Real-Time Nucleic Acid Amplification Reactions
The real-time reverse-transcriptase PCR conditions used in this study were a slight modification to those used by Wang-Johanning et al (2002). (28) All reactions were done in triplicate, with results averaged before use in RQ analysis. The CaSki cell line was used as a source for quality-control material with aliquots of extracted RNA and DNA used as calibration controls for expression analysis and diluted to have reasonable cycle threshold (Ct) values, within the range measured with clinical material. Reaction mixtures contained 12.5 [micro]L of either 2X Quantitect One-Step reverse-transcriptase PCR master mix (Qiagen) with 0.25 [micro]L of enzyme mix reagent or 2X Quantitect PCR master mix reagent (Qiagen). An appropriate volume of oligonucleotide working stock was included in each reaction to achieve the concentrations indicated in Table 1. Each reaction used 5 [micro]L of prepared template (DNA or DNA-free RNA), with high-pressure liquid chromatography-grade water making the final volume of 25 [micro]L as needed. All real-time nucleic acid detection was performed using the ABI 7700 (Applied Biosystems) with thermal cycling consisted of 30 minutes at 48[degrees]C, 15 minutes at 95[degrees]C, and 40 cycles of 15 seconds at 95[degrees]C, and 60 seconds at 60[degrees]C.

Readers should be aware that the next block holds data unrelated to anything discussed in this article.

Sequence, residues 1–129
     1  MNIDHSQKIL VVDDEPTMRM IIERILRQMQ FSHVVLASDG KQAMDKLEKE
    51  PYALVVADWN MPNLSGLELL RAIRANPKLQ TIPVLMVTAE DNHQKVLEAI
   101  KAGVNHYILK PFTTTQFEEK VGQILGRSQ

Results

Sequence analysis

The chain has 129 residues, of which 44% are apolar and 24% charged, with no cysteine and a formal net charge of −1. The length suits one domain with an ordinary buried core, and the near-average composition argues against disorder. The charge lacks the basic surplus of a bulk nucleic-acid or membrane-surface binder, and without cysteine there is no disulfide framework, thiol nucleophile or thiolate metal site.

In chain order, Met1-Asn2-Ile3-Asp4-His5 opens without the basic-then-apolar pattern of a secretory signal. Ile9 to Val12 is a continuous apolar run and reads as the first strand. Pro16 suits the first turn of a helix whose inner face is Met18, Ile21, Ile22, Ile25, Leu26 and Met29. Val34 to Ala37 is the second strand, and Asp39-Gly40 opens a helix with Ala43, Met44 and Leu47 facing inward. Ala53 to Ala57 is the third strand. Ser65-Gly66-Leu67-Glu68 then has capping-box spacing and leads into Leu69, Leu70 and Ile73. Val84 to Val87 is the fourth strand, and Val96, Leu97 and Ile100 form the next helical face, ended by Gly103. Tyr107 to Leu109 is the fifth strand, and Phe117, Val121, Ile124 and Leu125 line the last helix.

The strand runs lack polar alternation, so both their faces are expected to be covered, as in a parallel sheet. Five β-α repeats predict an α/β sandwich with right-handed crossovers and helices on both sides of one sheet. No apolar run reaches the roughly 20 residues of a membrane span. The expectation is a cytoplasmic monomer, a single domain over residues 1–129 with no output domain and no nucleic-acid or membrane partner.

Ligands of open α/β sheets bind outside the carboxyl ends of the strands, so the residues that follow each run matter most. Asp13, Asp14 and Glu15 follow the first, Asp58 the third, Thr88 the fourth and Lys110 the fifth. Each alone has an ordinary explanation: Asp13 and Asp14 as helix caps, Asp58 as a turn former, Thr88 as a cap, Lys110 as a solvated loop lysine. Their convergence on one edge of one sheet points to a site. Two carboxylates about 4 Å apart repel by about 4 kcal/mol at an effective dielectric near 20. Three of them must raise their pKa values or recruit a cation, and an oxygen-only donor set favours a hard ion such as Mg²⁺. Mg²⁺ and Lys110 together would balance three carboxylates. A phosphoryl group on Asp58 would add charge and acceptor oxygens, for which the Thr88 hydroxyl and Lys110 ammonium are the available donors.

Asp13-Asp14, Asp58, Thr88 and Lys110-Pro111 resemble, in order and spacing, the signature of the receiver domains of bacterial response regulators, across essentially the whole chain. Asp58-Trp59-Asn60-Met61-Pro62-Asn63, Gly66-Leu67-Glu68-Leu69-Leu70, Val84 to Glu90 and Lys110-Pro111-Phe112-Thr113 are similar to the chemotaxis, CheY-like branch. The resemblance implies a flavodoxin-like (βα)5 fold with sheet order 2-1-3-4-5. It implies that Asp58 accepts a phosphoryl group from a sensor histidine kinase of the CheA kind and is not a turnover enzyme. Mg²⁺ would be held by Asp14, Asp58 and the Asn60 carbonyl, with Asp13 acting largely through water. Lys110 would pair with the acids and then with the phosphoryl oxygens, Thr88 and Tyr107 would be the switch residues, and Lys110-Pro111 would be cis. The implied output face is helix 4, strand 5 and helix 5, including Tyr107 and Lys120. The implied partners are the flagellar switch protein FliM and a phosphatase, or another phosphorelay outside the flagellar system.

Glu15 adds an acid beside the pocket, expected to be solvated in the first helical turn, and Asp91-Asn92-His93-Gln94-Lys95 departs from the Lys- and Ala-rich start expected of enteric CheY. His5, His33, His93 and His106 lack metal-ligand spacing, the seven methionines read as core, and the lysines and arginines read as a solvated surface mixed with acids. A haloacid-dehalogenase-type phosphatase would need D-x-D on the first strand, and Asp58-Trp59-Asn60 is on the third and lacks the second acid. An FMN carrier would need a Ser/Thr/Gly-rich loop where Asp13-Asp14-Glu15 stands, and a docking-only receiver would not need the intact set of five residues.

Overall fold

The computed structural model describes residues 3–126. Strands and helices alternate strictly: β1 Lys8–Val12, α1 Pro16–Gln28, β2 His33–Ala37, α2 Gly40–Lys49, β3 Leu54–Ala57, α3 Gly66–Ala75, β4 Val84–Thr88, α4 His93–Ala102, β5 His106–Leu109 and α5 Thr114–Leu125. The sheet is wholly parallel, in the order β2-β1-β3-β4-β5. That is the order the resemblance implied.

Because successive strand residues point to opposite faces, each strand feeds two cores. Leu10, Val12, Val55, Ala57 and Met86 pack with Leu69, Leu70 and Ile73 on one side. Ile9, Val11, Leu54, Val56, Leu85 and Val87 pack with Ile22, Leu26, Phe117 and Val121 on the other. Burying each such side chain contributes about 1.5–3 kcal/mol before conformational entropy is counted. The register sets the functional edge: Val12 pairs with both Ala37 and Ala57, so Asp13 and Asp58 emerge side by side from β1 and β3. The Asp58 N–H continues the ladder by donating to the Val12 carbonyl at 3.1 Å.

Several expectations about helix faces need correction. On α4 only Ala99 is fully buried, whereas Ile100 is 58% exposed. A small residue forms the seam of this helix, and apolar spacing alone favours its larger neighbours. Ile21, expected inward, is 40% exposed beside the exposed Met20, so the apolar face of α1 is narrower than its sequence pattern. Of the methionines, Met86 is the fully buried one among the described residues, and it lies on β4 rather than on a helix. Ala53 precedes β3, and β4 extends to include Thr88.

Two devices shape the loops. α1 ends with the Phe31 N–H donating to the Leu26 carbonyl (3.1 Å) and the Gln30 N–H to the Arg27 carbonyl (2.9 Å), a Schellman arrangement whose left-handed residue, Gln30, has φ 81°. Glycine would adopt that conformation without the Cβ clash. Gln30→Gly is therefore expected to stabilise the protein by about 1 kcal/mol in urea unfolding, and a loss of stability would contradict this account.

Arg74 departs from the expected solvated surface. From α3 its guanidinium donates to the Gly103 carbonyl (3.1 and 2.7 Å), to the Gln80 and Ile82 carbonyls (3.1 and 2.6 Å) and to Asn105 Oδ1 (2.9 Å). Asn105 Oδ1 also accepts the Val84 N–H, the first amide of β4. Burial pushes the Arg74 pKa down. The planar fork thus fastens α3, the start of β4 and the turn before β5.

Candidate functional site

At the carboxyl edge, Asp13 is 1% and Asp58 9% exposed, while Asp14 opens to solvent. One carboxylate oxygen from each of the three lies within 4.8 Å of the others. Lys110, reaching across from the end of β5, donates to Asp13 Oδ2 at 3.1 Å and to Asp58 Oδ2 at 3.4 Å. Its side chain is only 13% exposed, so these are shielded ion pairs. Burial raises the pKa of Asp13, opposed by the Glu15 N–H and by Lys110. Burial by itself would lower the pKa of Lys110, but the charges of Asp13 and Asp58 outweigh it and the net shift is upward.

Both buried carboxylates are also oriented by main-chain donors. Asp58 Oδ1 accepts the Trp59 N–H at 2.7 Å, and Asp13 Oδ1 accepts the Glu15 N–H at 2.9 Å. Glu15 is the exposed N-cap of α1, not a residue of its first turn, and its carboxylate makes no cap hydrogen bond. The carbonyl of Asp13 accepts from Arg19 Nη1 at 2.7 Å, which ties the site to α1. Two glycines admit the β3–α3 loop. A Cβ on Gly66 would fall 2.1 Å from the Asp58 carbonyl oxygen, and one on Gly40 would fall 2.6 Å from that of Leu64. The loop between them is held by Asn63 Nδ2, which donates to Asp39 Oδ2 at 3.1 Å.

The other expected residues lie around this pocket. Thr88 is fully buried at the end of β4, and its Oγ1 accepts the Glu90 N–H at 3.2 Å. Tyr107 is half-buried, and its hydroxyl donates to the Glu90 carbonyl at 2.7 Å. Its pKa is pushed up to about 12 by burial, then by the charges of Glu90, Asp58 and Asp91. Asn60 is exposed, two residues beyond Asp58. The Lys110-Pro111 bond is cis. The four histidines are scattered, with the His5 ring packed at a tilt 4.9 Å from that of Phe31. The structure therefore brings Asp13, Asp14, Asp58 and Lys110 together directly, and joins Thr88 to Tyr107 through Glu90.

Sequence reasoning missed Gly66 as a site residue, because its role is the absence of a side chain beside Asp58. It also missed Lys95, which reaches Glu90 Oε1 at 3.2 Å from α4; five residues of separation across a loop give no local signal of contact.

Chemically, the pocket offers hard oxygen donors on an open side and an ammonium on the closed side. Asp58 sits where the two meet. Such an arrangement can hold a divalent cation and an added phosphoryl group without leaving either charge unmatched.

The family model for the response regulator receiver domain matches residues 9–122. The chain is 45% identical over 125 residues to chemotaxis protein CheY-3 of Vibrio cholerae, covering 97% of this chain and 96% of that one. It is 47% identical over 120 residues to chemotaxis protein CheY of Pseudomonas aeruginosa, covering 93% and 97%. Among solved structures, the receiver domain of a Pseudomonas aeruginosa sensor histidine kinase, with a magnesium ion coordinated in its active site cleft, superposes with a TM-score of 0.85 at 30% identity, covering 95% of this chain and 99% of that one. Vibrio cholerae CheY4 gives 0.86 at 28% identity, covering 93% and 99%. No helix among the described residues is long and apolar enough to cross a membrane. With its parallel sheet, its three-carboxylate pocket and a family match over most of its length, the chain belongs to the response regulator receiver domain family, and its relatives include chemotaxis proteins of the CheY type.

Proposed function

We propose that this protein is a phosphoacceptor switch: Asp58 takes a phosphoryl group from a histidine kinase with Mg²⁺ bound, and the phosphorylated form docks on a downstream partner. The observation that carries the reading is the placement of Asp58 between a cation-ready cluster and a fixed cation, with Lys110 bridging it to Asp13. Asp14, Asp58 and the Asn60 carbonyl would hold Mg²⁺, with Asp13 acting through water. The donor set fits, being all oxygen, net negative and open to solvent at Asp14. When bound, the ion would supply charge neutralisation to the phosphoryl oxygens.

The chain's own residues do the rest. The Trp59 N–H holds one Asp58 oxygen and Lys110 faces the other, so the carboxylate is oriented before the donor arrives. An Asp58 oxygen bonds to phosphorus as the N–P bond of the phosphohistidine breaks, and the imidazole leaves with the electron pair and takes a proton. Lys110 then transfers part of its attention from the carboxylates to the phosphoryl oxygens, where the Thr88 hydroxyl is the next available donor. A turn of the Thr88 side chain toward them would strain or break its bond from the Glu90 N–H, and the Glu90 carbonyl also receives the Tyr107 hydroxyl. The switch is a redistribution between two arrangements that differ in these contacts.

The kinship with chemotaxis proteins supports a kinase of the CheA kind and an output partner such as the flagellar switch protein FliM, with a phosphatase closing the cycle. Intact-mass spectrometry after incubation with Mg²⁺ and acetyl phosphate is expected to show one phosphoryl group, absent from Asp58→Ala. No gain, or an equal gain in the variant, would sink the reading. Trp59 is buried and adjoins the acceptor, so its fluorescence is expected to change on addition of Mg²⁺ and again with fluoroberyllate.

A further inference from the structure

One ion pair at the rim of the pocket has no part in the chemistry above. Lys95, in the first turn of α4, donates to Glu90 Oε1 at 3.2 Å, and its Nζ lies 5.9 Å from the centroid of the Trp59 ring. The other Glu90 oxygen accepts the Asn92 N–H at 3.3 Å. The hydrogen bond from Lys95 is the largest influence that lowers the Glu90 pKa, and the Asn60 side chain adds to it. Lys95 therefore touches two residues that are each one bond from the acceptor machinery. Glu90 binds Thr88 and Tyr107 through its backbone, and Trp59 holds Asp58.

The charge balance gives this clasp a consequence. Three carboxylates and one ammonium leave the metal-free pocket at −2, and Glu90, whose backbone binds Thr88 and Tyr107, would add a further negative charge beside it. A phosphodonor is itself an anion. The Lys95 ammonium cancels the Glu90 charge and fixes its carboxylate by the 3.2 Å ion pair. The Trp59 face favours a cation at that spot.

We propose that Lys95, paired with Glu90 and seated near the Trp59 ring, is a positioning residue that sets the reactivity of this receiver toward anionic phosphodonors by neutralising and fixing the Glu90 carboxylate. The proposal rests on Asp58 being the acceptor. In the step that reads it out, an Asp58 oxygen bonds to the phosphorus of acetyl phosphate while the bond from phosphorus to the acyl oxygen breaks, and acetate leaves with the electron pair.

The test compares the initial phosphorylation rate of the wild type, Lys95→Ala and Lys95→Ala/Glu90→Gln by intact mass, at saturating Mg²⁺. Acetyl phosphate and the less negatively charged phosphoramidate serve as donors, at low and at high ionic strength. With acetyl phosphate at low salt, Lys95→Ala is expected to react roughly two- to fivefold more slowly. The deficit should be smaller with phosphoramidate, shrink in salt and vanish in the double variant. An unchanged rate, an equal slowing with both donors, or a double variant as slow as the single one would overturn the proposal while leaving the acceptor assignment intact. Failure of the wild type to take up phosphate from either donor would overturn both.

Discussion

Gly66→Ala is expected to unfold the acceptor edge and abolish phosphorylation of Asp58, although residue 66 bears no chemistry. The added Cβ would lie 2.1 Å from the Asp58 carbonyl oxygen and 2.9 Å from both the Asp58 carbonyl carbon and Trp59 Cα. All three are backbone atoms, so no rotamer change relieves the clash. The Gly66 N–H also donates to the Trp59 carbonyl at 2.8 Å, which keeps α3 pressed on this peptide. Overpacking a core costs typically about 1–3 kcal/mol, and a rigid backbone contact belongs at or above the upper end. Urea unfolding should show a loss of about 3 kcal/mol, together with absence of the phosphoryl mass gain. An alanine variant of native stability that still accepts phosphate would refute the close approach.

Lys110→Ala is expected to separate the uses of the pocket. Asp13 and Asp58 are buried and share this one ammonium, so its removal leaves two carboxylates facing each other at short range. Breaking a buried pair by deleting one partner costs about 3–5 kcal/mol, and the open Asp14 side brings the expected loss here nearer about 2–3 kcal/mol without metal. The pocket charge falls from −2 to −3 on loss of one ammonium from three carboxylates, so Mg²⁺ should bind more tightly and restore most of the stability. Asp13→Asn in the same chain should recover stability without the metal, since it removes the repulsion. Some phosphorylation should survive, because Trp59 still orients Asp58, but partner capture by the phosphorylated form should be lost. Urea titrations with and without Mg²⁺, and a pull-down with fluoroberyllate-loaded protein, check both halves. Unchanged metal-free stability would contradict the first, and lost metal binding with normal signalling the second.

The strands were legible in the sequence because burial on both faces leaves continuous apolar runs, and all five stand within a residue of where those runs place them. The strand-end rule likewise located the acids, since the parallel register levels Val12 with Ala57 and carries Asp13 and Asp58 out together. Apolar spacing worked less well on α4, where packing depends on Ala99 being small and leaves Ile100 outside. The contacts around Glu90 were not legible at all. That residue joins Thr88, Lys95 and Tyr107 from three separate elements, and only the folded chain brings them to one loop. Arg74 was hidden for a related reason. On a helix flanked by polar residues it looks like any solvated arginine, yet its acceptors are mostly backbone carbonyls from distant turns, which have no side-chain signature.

Real-Time Data Analysis
The Ct was typically set to 0.2 relative fluorescent units but was determined for each run based on the amplification plots such that Ct values were at the beginning of the linear portion of the logarithmically plotted fluorescent curve versus cycle number. The plots were examined for kinetic outliers and required a measured estimation of the PCR efficiency for each replicate reaction. (36) Outliers, as determined by kinetic outliers or detected manually, were then excluded from the average.
Criteria were established empirically to ensure that only materials of high quality were queued for expression profile analysis. Essentially, RNA extractions were only analyzed if the preparation had measurable levels of ribosomal protein S9 (RPS9), indicating a good total RNA recovery from cervical cells, and no signal in the E6 DNA real-time PCR, thereby indicating no HPV DNA contamination of the RNA preparation. A Ct value in E6 reverse-transcriptase PCR, but not in E6 DNA PCR indicated that the RNA preparation was suitable for HPV mRNA expression analysis. Consequently, Ct value in E6 DNA PCR queued the RNA preparation for DNA cleanup. No amplification in either E6 reverse-transcriptase PCR or RPS9 queued the third cell-pellet aliquot, which was stored in TRIzol at -70[degrees]C, for RNA extraction. This quality check was performed before the sample was queued for analysis and confirmed again during the expression-profile analyses because it was included in the same 96-well plate during the run.
Relative quantification was based on the relative expression of a target versus a reference by comparing mathematically transformed Ct values. Human [beta]-actin gene was used as the reference for DNA standardizations, whereas transcripts for human RPS9 were used as the reference for RNA standardizations.
Concentration = Ct = 40 / 3.321 (1)